A proposal to turn the walls of Nationals Park into a lucrative revenue source by allowing flashing digital billboards has revived a debate about the impact of such displays on the city’s monumental appeal.
Some city officials say the signs are appropriate in entertainment districts and can add value to neighborhood identity as long as they are tastefully done. Critics, including many who live in the neighborhoods surrounding the ballpark, say the gigantic advertising screens threaten their peace and views of the city’s iconic buildings, such as the U.S. Capitol.
“Let what happens in Vegas stay in Vegas,” said George Clark of the Federation of Citizens Associations of the District of Columbia in a plea to the D.C. Council. “That is the place for huge and glitzy electronic signs, not the nation’s capital.”
The Nationals have been lobbying the city to allow the installation of 10 LED screens that would generate $3 million to $5 million annually, according to club officials. The revenue would boost its ability to acquire star players and raise its status with Major League Baseball, Alan Gottlieb, a partner in the team, said at a public hearing on the proposal.
“The cost of players continues to rise,” Gottlieb said. “With costs ever increasing, we need to find avenues to be able to generate additional revenue.”
But critics say that if the council approves the ballclub’s request to add displays as large as 35 feet by 34 feet, it will open the door to a proliferation of the signs.
“This signals a tsunami of billboards around the city,” said Meg Maguire, a member of the Committee of 100 on the Federal City, a planning and land use advocacy group.
Maguire said the city should take a lesson from the experience of Chinatown residents where 50-foot-by-24-foot screens were erected at Verizon Center three year ago. Some residents complain that the screens, which flash images of sponsors, coming events and the city’s sports teams, amount to intrusive giant TV screens outside their windows.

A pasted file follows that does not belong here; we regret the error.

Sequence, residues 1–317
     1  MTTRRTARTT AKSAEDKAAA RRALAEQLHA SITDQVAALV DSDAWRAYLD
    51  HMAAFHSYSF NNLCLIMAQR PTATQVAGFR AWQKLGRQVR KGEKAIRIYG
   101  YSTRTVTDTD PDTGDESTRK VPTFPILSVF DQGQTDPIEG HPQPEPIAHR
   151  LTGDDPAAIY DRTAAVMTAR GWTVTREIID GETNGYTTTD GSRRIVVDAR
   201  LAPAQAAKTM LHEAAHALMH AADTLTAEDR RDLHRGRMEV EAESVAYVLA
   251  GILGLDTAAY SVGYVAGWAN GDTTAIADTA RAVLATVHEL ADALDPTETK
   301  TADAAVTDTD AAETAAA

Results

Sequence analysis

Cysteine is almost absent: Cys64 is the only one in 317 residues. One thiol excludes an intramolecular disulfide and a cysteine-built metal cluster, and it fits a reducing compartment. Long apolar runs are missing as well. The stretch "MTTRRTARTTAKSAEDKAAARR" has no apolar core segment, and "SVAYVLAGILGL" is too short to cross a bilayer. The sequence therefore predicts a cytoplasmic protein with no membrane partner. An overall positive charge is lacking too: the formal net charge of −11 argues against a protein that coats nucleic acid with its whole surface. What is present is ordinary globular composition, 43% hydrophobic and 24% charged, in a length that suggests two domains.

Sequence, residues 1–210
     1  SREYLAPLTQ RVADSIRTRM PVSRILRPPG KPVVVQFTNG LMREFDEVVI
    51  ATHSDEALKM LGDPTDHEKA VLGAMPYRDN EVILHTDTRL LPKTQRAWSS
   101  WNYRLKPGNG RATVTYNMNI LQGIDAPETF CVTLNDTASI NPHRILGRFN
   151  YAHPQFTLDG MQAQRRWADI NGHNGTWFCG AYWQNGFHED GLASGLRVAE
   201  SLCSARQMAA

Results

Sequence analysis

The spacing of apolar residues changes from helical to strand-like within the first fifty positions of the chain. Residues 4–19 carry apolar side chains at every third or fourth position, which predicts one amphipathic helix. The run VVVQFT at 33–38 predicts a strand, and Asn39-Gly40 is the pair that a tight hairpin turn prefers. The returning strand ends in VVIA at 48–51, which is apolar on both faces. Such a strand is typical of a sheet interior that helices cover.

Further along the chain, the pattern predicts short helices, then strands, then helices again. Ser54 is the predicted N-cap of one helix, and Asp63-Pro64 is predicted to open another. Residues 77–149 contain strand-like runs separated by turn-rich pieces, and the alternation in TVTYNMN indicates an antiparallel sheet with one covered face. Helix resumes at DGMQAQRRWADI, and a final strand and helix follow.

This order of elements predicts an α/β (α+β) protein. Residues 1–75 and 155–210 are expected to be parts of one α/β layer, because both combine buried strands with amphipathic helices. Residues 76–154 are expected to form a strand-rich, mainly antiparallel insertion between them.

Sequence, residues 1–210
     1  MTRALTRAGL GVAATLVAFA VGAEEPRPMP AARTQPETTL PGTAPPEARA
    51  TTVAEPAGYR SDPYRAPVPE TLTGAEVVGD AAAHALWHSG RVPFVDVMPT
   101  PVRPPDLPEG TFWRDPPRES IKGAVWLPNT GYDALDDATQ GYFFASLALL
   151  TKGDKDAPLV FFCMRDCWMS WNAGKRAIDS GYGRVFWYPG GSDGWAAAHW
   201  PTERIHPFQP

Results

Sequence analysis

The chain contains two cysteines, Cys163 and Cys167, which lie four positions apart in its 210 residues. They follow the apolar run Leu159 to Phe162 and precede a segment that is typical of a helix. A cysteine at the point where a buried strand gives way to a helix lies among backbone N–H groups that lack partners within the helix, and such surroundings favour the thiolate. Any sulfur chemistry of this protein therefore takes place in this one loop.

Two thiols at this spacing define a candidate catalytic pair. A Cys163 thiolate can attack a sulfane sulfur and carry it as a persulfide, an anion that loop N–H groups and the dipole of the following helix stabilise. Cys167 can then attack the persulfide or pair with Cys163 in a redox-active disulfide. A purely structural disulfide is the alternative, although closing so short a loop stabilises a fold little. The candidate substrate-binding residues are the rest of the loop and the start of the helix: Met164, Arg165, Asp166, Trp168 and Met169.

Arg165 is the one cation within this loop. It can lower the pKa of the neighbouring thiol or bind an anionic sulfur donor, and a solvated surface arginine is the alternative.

Verizon Center is seeking to renew its permits for the screens.
“The citizens don’t want billboard pollution. They don’t want the constant flashing on office windows and residences. People in this city don’t want this,” Maguire said.
The legislation being reviewed by the D.C. Council would establish a standardized review process for issuing permits and renewals for signs in locations designated entertainment areas, such as Nationals Park. A mayoral working group is also developing recommendations on a citywide policy to regulate billboards and other exterior signs.
Proponents say the bill, which could be voted on as soon as Dec. 6, takes into consideration issues from the Verizon Center screens, such as how to measure light pollution, and sets requirements for how to reduce brilliance.
The bill, revised after a Nov. 14 public hearing, sets restrictions on size, location and use of full-motion video. It would allow five digital displays — half the number the Nationals requested — and prohibit the billboards in areas parallel to residential buildings and directly facing South Capitol Street to protect the U.S. Capitol viewshed.